The long-term effects of opioids on sensitization processes are believed to be mediated through the N-methyl-D-aspartate receptor. Quantitative sensory testing (QST) changes observed after a ketamine infusion have been previously described but the effect that chronic opioids will have is not known. The results of this prospective randomized factorial trial compared the thermal QST changes observed after a .05 mg/kg ketamine infusion or a saline placebo in chronic pain subjects who were either opioid-naive or were chronically using opioids for chronic noncancer pain are presented. No baseline QST differences were noted between the 4 groups at baseline. Comparison of changes preinfusion with postinfusion QST measurements resulted in decreased average change in temporal summation response between opioid subjects who received a placebo compared with those who received a ketamine infusion (−5.22, SD = 9.96 vs 13.81, SD = 19.55; P = .004). Additionally, the average change in temporal summation was decreased among subjects who received a ketamine infusion and were not chronically using opioids compared with subjects who were using chronic opioids and received a placebo infusion (−1.91, SD = 13.25 vs 13.81, SD = 19.55; P = .007). The results indicate that low-dose ketamine infusions produce subtle changes in QST phenotypes that are modified by the chronic use of opioids. This illustrates the potential diagnostic and therapeutic value of ketamine in the setting of chronic opioid use. Perspective The presented data further our understanding of modulation of sensory perception in the setting of chronic opioid use and the role of the N-methyl-D-aspartate receptor. The use of low-dose ketamine infusions may be useful for the treatment as well as diagnosis of opioid-related neuropathic conditions.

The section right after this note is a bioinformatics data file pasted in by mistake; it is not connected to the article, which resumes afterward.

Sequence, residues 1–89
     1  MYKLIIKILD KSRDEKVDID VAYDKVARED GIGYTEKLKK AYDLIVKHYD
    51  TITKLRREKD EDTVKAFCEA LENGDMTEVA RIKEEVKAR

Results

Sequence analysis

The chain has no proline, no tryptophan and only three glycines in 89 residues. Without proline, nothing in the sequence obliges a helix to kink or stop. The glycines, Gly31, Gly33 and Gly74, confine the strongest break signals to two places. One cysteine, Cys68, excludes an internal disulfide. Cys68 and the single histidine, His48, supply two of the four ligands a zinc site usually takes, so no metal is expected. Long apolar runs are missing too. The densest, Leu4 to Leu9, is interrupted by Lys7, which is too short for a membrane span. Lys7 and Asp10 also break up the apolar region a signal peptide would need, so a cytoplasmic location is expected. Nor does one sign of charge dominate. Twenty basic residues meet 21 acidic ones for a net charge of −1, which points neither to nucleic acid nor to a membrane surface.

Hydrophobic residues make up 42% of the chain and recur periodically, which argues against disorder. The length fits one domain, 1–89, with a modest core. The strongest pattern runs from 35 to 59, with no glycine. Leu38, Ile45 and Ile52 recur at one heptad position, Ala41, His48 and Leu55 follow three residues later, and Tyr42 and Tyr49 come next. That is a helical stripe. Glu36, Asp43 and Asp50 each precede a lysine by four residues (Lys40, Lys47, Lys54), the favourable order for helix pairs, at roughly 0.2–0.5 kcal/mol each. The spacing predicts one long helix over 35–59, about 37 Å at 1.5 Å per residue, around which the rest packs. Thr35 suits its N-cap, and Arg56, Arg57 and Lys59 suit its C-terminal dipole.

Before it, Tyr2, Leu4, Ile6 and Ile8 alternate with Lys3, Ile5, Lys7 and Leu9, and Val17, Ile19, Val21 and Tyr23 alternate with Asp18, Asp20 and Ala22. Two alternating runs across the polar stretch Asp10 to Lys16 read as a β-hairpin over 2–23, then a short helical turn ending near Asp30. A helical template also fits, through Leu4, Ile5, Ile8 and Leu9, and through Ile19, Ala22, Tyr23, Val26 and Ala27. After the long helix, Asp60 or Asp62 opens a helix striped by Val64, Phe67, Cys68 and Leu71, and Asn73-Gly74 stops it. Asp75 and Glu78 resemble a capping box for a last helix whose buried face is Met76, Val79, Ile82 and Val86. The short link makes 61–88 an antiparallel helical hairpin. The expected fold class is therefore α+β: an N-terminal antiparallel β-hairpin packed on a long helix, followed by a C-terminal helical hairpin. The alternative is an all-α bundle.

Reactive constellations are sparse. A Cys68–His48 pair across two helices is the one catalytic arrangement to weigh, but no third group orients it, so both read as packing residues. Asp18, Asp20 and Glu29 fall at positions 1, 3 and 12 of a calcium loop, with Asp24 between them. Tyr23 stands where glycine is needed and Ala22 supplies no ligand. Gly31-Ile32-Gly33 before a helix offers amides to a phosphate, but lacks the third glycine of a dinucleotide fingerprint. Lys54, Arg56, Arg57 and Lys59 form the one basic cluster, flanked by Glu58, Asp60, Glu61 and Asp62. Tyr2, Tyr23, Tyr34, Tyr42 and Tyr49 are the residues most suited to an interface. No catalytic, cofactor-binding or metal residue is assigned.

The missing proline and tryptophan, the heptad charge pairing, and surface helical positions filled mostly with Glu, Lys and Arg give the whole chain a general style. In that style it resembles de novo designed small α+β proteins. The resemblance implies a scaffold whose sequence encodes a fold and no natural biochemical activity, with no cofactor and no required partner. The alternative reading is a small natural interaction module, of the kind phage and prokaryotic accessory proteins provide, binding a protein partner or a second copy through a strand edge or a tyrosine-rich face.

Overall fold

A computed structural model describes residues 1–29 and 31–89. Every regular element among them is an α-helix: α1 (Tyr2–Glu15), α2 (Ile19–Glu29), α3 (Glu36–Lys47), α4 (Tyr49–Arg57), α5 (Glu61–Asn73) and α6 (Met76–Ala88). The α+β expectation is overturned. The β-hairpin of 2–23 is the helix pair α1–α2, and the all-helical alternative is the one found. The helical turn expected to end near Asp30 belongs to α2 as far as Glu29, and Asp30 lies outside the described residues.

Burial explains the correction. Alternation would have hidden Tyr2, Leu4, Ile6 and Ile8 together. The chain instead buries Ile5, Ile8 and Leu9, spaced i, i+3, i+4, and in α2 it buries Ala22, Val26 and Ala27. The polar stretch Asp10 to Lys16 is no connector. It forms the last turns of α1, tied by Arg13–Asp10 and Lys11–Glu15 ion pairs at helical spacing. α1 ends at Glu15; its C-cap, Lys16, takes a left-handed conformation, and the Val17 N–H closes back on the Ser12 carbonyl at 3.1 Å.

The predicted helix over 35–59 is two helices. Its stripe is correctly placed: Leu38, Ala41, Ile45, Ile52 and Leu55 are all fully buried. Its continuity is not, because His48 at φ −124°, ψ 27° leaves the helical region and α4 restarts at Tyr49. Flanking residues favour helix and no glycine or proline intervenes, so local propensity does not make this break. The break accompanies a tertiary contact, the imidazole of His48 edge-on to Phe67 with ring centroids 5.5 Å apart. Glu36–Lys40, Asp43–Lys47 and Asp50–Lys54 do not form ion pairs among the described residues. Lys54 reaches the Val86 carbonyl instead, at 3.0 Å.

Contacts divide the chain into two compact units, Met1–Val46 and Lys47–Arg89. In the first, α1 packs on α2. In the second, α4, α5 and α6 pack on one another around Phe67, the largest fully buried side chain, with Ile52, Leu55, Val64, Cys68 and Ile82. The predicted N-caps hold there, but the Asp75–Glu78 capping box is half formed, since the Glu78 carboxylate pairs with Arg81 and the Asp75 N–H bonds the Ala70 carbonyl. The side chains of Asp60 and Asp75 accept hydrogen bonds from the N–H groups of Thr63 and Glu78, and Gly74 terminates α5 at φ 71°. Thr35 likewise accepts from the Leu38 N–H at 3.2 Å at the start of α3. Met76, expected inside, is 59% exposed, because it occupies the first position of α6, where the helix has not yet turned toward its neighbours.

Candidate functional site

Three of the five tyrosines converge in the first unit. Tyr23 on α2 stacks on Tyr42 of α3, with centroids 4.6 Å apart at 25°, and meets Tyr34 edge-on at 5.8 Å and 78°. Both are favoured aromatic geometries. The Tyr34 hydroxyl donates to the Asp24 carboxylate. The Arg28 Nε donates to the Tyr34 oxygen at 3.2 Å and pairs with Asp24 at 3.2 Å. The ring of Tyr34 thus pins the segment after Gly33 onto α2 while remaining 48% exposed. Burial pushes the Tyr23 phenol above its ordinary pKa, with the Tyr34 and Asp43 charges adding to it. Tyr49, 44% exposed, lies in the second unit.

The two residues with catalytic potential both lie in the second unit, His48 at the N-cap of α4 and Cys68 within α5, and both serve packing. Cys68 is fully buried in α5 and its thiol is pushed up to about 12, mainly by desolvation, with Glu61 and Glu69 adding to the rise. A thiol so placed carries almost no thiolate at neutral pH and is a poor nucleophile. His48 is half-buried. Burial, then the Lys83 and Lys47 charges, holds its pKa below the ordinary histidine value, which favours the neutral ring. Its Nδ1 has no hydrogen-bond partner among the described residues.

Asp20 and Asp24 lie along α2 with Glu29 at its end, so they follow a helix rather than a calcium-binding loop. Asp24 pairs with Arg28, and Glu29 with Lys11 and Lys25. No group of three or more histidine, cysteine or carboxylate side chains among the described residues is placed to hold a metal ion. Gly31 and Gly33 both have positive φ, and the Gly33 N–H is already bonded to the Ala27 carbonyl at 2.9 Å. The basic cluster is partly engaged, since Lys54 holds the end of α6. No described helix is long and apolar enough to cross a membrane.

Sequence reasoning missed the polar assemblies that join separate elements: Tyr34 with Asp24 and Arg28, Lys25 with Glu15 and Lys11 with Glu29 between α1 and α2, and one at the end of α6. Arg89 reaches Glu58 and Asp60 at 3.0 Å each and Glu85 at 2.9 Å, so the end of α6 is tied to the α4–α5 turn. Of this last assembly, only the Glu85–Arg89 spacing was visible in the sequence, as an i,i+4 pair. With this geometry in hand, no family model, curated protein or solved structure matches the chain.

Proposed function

- N-methyl-D-aspartate receptor
- opioid receptor
- quantitative sensory testing
- temporal summation
ASJC Scopus subject areas
- Clinical Neurology
- Anesthesiology and Pain Medicine